A solo exhibition featuring local artist Varvara Neiman began at the Elgiva Theatre in Chesham on Saturday and will run until the 1st April.  Power Of Colour In Light is open to the public from 10.30 am – 3.00 pm daily, except Sundays. There is no cost to enter during these times.

Varvara obtained her MA in Fine Art at the Academy of Fine Arts in St Petersburg in 1996. Subsequently she worked in several local theatres specialising costume and set design.

Following a move to the UK in 1999 Varvara concentrated on her career as a professional artist, staging exhibitions in Suffolk, Berkshire, Buckinghamshire and London. She now has a studio in Beaconsfield and is a member of both the Bucks Art Society and “HP9”, a group of local artists.

Varvara is also an art educator and teaches for artsmart School of Art and Buckinghamshire Adult Learning. She is currently teaching Life Drawing and her key subjects also include Portraiture, Water Colour, Oils and Acrylics.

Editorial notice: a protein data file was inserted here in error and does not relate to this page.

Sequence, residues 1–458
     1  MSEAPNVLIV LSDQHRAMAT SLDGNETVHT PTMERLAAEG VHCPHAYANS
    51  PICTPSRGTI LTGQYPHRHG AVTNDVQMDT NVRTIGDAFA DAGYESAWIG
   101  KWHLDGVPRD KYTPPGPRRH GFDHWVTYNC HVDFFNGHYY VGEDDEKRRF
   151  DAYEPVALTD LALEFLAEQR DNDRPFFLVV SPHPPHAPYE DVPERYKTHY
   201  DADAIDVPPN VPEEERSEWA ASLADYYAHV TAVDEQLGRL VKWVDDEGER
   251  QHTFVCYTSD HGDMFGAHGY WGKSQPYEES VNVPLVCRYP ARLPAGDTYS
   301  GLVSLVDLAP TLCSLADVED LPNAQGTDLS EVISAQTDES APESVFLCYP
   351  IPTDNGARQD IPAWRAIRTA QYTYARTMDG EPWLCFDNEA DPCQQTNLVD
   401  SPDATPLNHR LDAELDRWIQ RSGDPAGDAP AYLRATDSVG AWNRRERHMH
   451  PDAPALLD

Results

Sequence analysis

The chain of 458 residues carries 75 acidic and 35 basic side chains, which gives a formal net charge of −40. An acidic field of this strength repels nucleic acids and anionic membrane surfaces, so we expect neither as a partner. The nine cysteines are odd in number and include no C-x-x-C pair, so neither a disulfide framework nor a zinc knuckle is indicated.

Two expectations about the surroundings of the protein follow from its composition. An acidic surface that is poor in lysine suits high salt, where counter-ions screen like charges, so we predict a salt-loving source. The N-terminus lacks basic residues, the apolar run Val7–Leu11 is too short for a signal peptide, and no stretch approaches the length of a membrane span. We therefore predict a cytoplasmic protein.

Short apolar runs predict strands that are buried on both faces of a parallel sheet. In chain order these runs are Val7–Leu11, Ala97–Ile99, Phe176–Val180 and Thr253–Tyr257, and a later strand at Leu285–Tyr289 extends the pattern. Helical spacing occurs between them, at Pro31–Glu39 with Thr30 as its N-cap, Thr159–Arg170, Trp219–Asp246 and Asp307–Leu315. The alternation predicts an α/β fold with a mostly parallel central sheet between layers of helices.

At this solo exhibition Varvara is showing two of her favourite subjects, Portraiture and Landscape.

“I have always drawn people from a very early age and am passionate about creating a character either from life or from photos when undertaking commissions,” she says. “These can be celebratory surprises or simply commemorative. My favourite portrait artist is Rembrandt from whom I am always learning that a portrait of a person is all about their eyes which are a mirror of their soul.”

Varvara is very enthusiastic about painting en Plein Air and passionate about Cezanne’s famous quote: “Painting from nature is not copying the object; it is realizing one’s sensation…”

“For me whether it is a watercolour technique or painting in oils or acrylics it is about the power of light reflecting in a prism of a kaleidoscope of colours,” she says.